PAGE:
The second problem falls under the “too many choices” area, as Warner Home Video has just released the third volume of “Batman: The Animated Series” (see review below) and, for roughly an extra 20 bucks (check Amazon.com pricing), fans get more than 10 hours’ worth of brilliant episodes of a legendary series rather than 60 minutes of a mediocre one.

Read all about it: DC Comics puts ou a monthly comic book mirroring the style and action of the cartoon series. Readers should grab the trade paperback “Batman Strikes: Crime Time” ($6.99) to enjoy five of his harrowing adventures.

Batman: The Animated Series, Volume 3

(Warner Home Video, $44.99)

Master artist Bruce Timm’s 1990s version of an animated Caped Crusader, which took Batman away from hanging out with Scooby Doo and the Wonder Twins and returned the legend to his darker, imposing origins, is celebrated through a final four-disc DVD set containing the last 29 episodes of the award-winning series.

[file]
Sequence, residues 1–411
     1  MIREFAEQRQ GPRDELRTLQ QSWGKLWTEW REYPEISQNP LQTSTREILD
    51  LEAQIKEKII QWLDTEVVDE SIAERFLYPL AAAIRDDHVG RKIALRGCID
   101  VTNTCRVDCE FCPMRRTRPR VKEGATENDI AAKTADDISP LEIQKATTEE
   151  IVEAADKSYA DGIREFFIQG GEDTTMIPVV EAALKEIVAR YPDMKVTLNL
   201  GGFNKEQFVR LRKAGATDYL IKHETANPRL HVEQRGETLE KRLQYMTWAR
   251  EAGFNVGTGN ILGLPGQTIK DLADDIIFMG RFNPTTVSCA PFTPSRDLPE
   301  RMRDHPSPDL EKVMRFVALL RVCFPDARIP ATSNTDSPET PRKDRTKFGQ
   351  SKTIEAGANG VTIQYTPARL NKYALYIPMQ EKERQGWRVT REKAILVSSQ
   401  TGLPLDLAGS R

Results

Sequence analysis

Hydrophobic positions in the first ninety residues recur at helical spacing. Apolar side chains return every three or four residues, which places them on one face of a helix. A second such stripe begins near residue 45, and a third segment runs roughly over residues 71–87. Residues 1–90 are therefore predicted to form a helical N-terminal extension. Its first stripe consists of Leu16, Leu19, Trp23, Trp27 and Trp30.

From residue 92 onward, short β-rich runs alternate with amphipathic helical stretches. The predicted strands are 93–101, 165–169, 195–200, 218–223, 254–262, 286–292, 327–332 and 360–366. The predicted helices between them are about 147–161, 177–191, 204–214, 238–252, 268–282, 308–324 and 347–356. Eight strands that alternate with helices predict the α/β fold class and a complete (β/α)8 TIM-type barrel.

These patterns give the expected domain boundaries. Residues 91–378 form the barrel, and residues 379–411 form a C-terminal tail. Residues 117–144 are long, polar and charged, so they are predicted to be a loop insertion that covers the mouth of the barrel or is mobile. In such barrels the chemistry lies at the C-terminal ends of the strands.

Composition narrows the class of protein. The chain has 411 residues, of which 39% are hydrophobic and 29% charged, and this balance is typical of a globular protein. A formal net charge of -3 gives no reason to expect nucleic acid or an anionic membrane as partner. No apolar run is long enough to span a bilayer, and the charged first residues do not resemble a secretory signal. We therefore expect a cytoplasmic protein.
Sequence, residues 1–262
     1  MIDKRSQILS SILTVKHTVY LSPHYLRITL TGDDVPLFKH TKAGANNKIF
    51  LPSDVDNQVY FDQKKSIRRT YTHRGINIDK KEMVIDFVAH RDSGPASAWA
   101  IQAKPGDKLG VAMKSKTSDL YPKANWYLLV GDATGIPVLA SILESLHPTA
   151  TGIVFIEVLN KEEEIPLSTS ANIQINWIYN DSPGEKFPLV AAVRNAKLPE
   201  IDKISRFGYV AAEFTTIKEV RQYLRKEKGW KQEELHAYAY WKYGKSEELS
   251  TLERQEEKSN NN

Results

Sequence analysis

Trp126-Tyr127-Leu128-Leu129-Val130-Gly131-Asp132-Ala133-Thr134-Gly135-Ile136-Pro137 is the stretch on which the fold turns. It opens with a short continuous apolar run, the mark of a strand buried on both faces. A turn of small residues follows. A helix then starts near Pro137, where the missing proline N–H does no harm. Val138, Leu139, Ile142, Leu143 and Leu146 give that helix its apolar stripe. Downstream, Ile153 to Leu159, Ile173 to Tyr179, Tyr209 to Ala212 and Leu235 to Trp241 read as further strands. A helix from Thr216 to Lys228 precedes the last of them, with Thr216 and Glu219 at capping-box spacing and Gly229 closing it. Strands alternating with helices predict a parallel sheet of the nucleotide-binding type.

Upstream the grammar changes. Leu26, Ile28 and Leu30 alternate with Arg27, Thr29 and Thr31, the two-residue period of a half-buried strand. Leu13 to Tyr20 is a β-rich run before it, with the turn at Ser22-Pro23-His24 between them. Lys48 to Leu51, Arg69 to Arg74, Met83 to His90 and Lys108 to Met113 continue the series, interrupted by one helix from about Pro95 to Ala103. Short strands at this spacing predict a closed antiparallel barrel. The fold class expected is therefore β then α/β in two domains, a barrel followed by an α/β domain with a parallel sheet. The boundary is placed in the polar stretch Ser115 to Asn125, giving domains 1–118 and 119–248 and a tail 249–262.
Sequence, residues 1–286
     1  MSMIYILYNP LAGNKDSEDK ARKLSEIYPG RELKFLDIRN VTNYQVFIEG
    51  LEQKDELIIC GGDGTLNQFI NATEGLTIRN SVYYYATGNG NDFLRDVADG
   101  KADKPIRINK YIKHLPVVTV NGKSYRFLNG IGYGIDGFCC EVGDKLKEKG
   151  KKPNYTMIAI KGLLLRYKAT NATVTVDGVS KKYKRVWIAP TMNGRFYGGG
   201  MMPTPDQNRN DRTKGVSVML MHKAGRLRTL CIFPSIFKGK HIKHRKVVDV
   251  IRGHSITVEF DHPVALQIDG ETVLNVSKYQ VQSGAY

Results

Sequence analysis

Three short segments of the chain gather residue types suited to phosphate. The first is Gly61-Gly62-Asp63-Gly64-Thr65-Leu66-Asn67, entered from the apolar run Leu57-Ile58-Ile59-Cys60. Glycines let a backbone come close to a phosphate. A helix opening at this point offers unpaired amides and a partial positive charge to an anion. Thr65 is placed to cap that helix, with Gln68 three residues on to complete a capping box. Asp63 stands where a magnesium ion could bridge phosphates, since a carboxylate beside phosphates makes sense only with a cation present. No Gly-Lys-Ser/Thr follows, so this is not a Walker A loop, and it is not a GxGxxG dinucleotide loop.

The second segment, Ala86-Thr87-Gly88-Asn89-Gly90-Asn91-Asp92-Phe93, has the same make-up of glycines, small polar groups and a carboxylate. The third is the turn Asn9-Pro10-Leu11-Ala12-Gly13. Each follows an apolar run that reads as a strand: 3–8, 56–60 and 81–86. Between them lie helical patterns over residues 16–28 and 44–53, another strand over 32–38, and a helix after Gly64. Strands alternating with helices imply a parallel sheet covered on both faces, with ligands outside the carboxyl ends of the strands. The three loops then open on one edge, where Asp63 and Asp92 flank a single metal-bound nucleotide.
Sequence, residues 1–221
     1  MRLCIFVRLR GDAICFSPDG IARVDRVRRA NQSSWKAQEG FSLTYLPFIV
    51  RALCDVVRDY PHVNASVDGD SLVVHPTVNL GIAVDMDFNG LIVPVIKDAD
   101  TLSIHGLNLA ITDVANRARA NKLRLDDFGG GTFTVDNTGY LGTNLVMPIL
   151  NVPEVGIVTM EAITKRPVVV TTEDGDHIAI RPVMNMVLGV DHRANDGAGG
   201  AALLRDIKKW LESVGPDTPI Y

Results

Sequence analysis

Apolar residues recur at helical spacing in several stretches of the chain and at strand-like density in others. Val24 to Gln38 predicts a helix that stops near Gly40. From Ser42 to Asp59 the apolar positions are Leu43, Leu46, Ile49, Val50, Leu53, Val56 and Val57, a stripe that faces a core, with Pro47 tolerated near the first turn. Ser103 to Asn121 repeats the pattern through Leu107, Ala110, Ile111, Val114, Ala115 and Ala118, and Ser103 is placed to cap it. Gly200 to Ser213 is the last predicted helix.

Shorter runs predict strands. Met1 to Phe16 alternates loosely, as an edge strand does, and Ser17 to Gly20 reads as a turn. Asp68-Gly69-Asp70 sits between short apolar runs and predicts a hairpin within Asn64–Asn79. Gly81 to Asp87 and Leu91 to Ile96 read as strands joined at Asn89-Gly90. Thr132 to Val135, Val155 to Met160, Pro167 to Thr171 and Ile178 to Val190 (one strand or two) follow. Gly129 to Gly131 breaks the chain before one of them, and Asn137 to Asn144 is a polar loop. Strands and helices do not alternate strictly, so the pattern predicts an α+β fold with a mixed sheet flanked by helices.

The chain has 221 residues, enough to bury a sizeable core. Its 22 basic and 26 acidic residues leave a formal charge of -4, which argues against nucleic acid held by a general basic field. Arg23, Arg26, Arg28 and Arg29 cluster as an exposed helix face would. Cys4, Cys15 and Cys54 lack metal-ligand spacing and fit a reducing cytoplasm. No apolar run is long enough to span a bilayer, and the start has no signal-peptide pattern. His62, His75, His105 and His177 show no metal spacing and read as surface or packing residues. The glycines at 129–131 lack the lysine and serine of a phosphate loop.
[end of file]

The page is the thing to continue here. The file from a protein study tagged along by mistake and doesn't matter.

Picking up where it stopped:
The stories surrounding the stylishly animated art-deco delight unload a bevy of characters from Batman’s comic-book mythos. The Caped Crusader, with help from Robin and Batgirl, encounters such legends as Mr. Freeze, Bane, the Joker, Two-Face, Ras Ah Ghul, Poison Ivy, Jonah Hex, the Riddler and Catwoman.

Extras include an eight-minute featurette on the introduction of Batgirl to the series, with words from legendary artist Alex Ross; a pair of optional commentary tracks with series production staff; and a video commentary on the episode “House and Garden” that has producer Bruce Timm, writer Paul Dini, director Boyd Kirkland and moderator Jason Hillhouse reminiscing in a pop-up box in the corner of the screen.

Read all about it: DC Comics’ trade aperback “Dangerous Dames and Demons” ($14.95) offers the best chance to enjoy a sequential-art version of the show.

The Mask: Platinum Series

(New Line Home Entertainment, $19.99)

Anyone wanting to see the real potential of the DVD medium need only look to the New Line Platinum Series of releases for an immersive experience to satisfy any cinema fan.